Market Wonders Over Alibaba Selling Down Stake in Medical Checkup Specialist
A unit of e-commerce giant Alibaba Group Holding Ltd. has sold part of its shares in a medical checkup services provider, a deal that roused the market’s attention after the abrupt suspension of its affiliate Ant Group Co. Ltd.’s mega dual listing.
Shenzhen-listed health services operator Meinian Onehealth Healthcare Holdings Co. Ltd. announced Wednesday night that Alibaba (China) Network Technology Co. Ltd. had sold nearly 54 million Meinian shares — worth nearly 850 million yuan ($128 million) based on the average closing price on Monday and Tuesday, when the sales took place. The shares sold accounted for almost 1.4% of Meinian’s total, according to the company’s filing (link in Chinese) to the Shenzhen Stock Exchange.
The Alibaba unit’s move to cash out some of its shares roused market attention as China’s financial regulators are stepping up regulations for fintech firms such as Ant Group, including introducing new rules for financial holding companies earlier this month. On Monday, China published draft rules that would impose strict limits on Ant Group’s online lending operations that were likely hamper its expansion.
To comply with the rules for financial holding companies and draft regulations for online lending, Ant Group must be able to come up with enough capital reserves.
Ant Group’s previously planned record $34.5 billion IPO in Shanghai and Hong Kong was suspended Tuesday, reflecting the changes in the regulatory environment.
After Alibaba (China) Network sold some of the Meinian shares, the stake it held together with a subsidiary shrank to a combined 13% from the previous 14.4%, according to the filing.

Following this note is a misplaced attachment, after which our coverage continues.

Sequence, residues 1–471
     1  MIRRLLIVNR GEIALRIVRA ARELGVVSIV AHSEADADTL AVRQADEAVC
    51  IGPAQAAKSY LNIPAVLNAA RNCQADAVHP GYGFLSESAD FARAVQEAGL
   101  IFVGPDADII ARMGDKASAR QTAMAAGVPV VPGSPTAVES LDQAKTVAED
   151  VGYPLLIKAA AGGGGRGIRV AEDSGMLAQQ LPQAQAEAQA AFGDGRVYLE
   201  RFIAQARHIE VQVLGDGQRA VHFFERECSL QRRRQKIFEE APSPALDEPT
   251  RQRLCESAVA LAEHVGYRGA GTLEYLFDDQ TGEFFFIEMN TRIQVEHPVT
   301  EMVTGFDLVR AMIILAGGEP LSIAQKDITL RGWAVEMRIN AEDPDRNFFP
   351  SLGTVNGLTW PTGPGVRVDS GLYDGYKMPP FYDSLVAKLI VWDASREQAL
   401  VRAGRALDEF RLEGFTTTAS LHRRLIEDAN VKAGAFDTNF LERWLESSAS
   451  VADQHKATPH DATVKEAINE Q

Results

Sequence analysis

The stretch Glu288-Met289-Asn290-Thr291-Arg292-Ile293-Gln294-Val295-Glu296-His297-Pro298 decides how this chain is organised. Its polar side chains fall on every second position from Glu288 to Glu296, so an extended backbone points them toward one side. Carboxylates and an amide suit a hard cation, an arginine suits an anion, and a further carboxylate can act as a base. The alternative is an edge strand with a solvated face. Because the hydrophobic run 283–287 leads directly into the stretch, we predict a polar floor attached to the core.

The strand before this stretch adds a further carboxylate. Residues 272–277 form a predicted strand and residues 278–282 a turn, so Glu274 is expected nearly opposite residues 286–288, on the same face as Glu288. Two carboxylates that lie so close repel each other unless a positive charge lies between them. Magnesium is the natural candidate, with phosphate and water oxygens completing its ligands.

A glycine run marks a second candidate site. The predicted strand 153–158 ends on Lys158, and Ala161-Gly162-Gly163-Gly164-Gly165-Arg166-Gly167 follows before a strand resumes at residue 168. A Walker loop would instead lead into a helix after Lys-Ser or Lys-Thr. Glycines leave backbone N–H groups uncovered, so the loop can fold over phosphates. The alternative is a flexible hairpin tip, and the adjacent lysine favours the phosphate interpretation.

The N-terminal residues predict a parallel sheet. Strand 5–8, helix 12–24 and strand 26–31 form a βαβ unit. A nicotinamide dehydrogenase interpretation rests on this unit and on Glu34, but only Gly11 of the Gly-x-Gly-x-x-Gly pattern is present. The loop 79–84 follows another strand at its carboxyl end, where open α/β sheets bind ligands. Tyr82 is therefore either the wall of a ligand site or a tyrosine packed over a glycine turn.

Meinian has been widely considered a part of Alibaba’s ambitious plan to expand into the health care sector. In October 2019, Alibaba and private equity firm Yunfeng Capital Co. Ltd. purchased (link in Chinese) a 16.2% stake in Meinian.
Alibaba’s move to sell part of its holdings in Meinian has sparked discussions over how Alibaba and Ant Group would adhere to the new regulations.
The draft rules for online microlenders stipulate they should fund at least 30% of any joint loan with financial institutions. However, as of the end of June, Ant Group’s licensed nonbank financial subsidiaries — chiefly two online microlenders — contributed only 2% of more than 2.1 trillion yuan in credit balance enabled through its platform, according to its prospectus.
Sun Haibo, a financial regulation researcher, wrote (link in Chinese) that if Ant Group could currently provide about 1.8 trillion yuan of joint loans with only about 36 billion yuan of loans on its book, then it would need to have at least 540 billion on its balance sheet to meet the 30% requirement.
Also, with the draft rules limiting the amount of leverage an online microlender could take on, Ant Group would have to expand its capital for online microloans to 150 billion yuan from the current 35 billion yuan, Sun said.
Contact reporter Timmy Shen (email@example.com)
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